Referring to FIGS. 2, 3, and 4, these figures demonstrate the improved energy density obtained with cycling using the DMC and DMC/MF electrolytes over the MA-based system. No significant losses in capacity are observed over these conditions suggesting excellent electrochemical stabilities of the system between the potential range of 4.75 V to 2.5 V. With the more stable DMC, DMC/MF electrolytes, improvements of 15 to 30 percent are obtained in the energy density of the Li/Lix CoO2 cell, with greater than 60 percent cathode utilization over 20 cycles. No visible degradation of any component is observed, and atomic absorption analysis for cobalt solubilities are favorable, with only trace amounts of cobalt of less than 10 ppm being found in solutions.
These results far exceed those reported for Li/Lix CoO2 in other electrolytes and demonstrate the superior performance of the DMC, DMC solvent mixtures with LiAsF6.
Another important feature of LiAsF6 solutions in DMC and DMC/MF mixtures is the greatly improved lithium cycling efficiency which is determined is two types of experiments. In the first type of experiment, the efficiency of lithium plating and stripping is determined in platinum (Pt) substrate. In this experiment, lithium is continually plated and stripped using a Pt substrate and a 1.0 mol dm-3 LiAsF6 solution in DMC at 25° C. Plating 0.5 C/cm2, lithium is plated and stripped at a current density of 1 mA/cm2 for 300 cycles at an average cycle efficiency of 96%. This efficiency far exceeds those obtained for other electrolyte solutions which rarely exceed 90%, and are typically 80% or lower.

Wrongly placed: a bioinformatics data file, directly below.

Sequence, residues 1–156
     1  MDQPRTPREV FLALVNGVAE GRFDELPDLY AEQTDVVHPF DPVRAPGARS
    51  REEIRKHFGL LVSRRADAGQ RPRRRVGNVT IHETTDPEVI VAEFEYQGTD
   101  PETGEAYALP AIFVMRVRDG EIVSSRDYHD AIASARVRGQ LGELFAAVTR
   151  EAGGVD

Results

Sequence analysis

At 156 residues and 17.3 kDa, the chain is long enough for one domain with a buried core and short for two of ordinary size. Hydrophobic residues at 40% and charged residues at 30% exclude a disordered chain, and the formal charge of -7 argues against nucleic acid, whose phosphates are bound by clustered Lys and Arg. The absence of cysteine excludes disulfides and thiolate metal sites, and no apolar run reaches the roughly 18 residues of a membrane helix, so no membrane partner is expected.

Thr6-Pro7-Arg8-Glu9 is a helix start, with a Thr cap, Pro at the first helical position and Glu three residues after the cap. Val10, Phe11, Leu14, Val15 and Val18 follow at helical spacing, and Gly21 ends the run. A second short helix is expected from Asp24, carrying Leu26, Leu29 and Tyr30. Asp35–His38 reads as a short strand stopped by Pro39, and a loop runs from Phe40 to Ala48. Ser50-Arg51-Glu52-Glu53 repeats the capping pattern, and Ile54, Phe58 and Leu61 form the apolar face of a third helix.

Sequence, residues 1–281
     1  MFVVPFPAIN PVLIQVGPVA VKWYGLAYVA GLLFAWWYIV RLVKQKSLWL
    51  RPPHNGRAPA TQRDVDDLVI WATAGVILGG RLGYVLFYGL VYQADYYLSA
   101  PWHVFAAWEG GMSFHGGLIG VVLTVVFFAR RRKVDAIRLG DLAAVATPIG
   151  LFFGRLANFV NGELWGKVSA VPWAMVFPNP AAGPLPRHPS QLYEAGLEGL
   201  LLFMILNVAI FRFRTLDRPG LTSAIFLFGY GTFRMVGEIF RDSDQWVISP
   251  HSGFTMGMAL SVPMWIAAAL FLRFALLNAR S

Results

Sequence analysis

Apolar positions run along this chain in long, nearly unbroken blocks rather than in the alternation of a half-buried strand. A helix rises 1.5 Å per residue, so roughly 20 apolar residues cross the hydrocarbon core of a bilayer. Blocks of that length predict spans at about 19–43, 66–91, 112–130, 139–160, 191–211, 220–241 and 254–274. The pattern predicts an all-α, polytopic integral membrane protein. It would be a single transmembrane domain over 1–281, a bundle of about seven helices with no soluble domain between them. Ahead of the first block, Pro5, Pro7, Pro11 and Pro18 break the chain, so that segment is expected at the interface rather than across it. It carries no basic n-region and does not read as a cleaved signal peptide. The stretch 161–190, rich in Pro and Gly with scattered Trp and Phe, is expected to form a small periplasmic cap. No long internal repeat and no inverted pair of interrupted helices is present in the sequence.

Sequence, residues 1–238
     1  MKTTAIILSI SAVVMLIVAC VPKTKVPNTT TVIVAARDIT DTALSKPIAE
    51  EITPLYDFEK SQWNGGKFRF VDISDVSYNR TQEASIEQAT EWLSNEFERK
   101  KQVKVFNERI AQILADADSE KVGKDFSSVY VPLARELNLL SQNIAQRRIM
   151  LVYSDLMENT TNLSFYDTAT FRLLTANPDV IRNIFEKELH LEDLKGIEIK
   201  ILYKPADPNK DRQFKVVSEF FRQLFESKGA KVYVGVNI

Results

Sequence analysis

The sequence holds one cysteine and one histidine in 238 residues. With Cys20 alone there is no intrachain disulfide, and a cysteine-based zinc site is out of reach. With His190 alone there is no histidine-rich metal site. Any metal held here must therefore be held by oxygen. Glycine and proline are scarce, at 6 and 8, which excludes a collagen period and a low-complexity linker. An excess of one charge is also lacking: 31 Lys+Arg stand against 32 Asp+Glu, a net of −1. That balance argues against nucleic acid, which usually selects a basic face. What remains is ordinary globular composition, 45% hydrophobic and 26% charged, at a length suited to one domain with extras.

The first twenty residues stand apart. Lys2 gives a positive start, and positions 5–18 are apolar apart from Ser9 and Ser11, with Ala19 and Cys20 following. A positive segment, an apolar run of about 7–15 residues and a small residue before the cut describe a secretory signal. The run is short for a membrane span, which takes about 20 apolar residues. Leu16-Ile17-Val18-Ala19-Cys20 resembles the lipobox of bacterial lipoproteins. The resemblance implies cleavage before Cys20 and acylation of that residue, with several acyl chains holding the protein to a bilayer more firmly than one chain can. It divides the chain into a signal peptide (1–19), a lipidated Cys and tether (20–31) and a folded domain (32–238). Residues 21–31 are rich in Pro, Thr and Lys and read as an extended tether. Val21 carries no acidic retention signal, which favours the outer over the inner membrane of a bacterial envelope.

A second experiment involves plating and stripping lithium using solid lithium as the substrate. A total plating capacity of 10 C/cm2 is used with plating and stripping currents of 1.0 mA/cm2. Again, improved lithium cycling efficiency is observed: e.q. using 1.9 mol dm-3 LiAsF6 in DMC and 1.6 mol dm-3 LiAsF6 in a DMC/MF mixture containing 48 mass percent MF, plating and stripping for 50 cycles results in average cycle efficiencies of 80 to 82 percent.
We wish it to be understood that we do not desire to be limited to the exact details as described for obvious modifications will occur to a person skilled in the art.
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|U.S. Classification||429/326, 429/231.3|
|Mar 10, 1988||AS||Assignment|
Owner name: UNITED STATES OF AMERICA, THE, AS REPRESENTED BY T
Free format text: ASSIGNMENT OF ASSIGNORS INTEREST;ASSIGNORS:PLICHTA, EDWARD J.;SLANE, STEVEN M.;SALOMON, MARK;REEL/FRAME:004833/0656
Effective date: 19870630
|Jun 24, 1991||FPAY||Fee payment|
Year of fee payment: 4
|Jan 23, 1996||REMI||Maintenance fee reminder mailed|
|May 1, 1996||FPAY||Fee payment|
Year of fee payment: 8
|May 1, 1996||SULP||Surcharge for late payment|